Others were more balanced in their analysis of the situation. “That video is disturbing to watch,” Sen. Tim Scott (R-SC) told Chuck Todd on NBC’s Meet the Press, “but I’m not sure that it’s as clear as what we’ve seen around the country.” Scott is currently leading a working group in the Senate with the hope of holding a vote on police reform legislation before the Fourth of July. “I think it’s really difficult to establish a codified and law standard for use of force,” he added. “There are millions of scenarios that play out.”

Possible COVID Vaccines Surge Forward 

Throughout the COVID pandemic, it’s been a little strange to read and write about vaccines. The push to find one for the virus is totally separate from the day-to-day drama of the war against infection, but ultimately it’s the only thing short of a truly catastrophic wave resulting in herd immunity that will stop the disease for good.

In recent days, we’ve gotten some encouraging news on the vaccine front. In an interview with a Los Angeles TV station Saturday, Dr. Anthony Fauci (remember him?) said he was optimistic we may have a workable vaccine by the end of 2020.

“I think we will know if we have a safe and effective vaccine by the end of the year,” Fauci said. “There’s never a guarantee that you will have a safe and effective vaccine, but I’m cautiously optimistic given what we’ve seen and given where we are right now … that would be available either by the very end of this year or in the first couple of months of 2021.”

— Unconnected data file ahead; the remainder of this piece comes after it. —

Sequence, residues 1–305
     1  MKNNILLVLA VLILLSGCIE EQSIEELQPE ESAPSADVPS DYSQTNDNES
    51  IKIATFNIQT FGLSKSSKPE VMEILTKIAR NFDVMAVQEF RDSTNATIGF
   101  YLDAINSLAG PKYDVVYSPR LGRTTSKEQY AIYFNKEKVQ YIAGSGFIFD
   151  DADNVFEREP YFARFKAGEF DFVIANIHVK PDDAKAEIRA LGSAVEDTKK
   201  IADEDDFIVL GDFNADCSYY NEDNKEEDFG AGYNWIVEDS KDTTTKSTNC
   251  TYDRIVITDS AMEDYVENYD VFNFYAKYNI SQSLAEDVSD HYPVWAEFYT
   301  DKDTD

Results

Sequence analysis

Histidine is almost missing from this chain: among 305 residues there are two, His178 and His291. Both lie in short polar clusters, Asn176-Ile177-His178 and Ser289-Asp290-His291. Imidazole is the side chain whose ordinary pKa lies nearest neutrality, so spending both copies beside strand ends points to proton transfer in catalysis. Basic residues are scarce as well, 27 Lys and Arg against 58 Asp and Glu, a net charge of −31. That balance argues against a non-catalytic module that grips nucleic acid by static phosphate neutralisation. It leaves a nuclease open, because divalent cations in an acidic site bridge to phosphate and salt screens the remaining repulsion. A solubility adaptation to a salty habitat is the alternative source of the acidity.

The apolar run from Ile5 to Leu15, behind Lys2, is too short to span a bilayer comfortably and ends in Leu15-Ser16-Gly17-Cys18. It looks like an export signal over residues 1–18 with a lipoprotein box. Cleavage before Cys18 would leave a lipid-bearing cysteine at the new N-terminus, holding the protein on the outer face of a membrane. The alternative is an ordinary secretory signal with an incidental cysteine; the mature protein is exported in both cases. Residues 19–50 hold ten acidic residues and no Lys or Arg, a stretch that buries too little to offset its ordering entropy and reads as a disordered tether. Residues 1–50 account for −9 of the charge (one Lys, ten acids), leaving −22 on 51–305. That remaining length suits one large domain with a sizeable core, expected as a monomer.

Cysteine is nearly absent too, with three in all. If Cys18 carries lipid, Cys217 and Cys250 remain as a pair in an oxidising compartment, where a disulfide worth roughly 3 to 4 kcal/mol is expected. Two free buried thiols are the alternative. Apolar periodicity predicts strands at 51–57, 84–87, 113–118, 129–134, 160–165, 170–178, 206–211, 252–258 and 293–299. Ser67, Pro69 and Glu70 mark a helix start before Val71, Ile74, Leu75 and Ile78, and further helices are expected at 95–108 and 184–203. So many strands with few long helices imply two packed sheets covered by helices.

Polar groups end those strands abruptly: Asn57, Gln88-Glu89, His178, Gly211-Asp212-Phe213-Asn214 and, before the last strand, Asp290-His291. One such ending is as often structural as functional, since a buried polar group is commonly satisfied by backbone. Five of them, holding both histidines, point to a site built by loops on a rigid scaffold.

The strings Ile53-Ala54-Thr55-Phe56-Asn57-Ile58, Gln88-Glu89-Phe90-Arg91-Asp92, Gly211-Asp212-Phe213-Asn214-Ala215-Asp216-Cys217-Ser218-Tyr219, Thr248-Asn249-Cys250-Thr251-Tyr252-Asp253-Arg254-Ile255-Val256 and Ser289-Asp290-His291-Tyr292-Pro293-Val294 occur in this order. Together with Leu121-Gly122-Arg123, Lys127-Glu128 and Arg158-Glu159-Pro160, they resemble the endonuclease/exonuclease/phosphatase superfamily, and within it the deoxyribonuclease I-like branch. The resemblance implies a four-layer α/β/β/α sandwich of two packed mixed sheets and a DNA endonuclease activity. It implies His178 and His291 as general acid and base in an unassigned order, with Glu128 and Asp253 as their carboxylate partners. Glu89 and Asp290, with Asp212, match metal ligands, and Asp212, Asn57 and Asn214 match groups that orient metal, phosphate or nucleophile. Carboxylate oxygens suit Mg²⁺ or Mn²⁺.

Dr. Fauci’s comments come only a few days after Moderna, a biotech company that has paced the field in the vaccine development process for COVID-19 so far this year, announced it will begin an enormous “phase III” trial for its vaccine next month, which will involve inoculating 30,000 people. A handful of other companies are also set to begin phase III trials soon.

What this means is that multiple vaccine products have already been found to boost an immune response to the coronavirus in at least small numbers of people. Now all that remains is to determine whether they are universally effective enough to be rolled out to the population at scale.